Few years ago, consumers used different apps on their desktop computers, such as Winamp for music, Windows Media Player for playing videos and so on. During these times, we depended hugely on these apps since browsers were not strong enough to have applications run on them.
Eventually, browsers became stronger and faster and they became robust enough to have apps run on them. Then then came mobile apps, today we spend most of our time in mobiles and mobiles have taken a lead against web. Will this be end of web apps? Let’s discuss briefly on this.
For one thing I know, Apple loves native mobile apps, they are faster, they can interact with the system in a better way and may feel more real, but on contrast Google loves web apps, the apps run on browsers, they can be run on any operating system and interestingly, they do not require installation. And the future might hold, may they might merge at one point.
At this moment, though I prefer using native mobile apps, which can also work offline, I believe, that Google have read the future in a better way. While Apple doesn’t even try to understand what is wrong with native mobile apps, Google does understand what are the shortcomings in web apps and fixes it.
Difference in Performance:-
Mobile apps are faster, since they are written in low-level languages and they interact with hardware and the operating system directly. But this is not the case in web apps. They have multiple layers of abstraction. But with progressive thinking we can say with heads held high, that these limitations will soon be history. The apps will surely overcome them. With some tweaks and twists, web apps will find a way to interact with the system and hardware directly. They will access your camera and gyroscope like a mobile app. Does it sound insecure? But it’s the same with mobile apps as well. May be the apps will be designed in such a way that they ask for permission before gaining access.
Installation is apt example of User Interface evil and so is web signup / registration. I have faced this problem a lot. Just to edit one photo, why should I install Photoshop or to by a book I have to spend at least 3 to 5 mins for registration and activating the user account. This is the question of most of the contemporary users. Web apps may change this, since it runs on browser, and browsers logs in the user automatically. And adding to this, users are becoming lazier to search for a specific app to perform a specific task in the 100s of icon they see in the mobile folders.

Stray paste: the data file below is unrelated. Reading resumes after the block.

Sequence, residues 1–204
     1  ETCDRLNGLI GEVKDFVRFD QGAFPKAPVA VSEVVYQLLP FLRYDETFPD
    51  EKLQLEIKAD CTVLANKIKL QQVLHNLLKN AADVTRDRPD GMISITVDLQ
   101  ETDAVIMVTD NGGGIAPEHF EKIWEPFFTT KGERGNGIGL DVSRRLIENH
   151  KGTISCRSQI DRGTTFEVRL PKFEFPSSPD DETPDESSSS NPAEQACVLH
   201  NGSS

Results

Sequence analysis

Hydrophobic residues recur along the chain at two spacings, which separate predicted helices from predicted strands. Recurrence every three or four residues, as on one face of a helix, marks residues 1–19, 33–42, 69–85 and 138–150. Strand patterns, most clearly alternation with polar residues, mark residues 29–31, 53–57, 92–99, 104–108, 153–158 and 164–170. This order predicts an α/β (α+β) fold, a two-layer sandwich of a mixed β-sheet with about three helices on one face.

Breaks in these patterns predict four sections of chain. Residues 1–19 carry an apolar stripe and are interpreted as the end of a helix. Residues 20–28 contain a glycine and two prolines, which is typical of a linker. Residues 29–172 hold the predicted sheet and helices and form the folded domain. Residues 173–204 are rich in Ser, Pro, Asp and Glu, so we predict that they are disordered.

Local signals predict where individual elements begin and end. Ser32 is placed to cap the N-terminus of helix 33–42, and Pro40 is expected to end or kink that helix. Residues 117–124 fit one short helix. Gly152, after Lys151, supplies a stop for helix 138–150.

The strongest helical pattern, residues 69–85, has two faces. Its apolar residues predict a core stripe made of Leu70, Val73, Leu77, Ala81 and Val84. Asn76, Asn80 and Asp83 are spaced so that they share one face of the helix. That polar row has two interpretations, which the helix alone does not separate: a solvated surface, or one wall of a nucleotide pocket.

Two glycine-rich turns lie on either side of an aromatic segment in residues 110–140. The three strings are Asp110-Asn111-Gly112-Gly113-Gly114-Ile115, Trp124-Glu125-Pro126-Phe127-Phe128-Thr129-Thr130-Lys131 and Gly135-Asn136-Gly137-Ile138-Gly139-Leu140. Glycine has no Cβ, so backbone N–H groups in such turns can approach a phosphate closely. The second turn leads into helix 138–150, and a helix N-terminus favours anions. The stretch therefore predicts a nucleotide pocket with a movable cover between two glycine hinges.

Tabs / Bookmarks:-
You cannot open multiple copies of a mobile application simultaneously, web apps can be opened multiple times on the same browser in different tabs. Native mobile apps cannot achieve this.
Bookmarks, like Tabs are just an effect of having URLs. Every windows is identifiable and so can be bookmarked for further use.
Web apps bow down to native mobile apps in this criteria. To work web apps need an active internet connection. But mobile apps can work offline also. If a native app cannot contact its sever, the app may not be particularly useful, but it can at least start and show something when offline.
In the future operating systems, there will be windows, capable of displaying web content and merging into one with tabs. The same way as we not thinking about the Window Server process on the Mac today, nobody will think about “the browser” in the future. That’s why a browser vendor would never be able to make an ideal browser. Only an OS maker would.
While the term “browser” will gradually diminish, the Back and Forward buttons will become a part of every window in an OS in the future, as we have the close and minimize buttons now. All windows will learn to have tabs. The address bar may not be constantly displayed on the screen. With all these facts and assumptions in mind, we can safely declare that web apps are there to stay here for a long time, but we will see lots of improvements and developments which will be the catalyst of change in our lifestyle.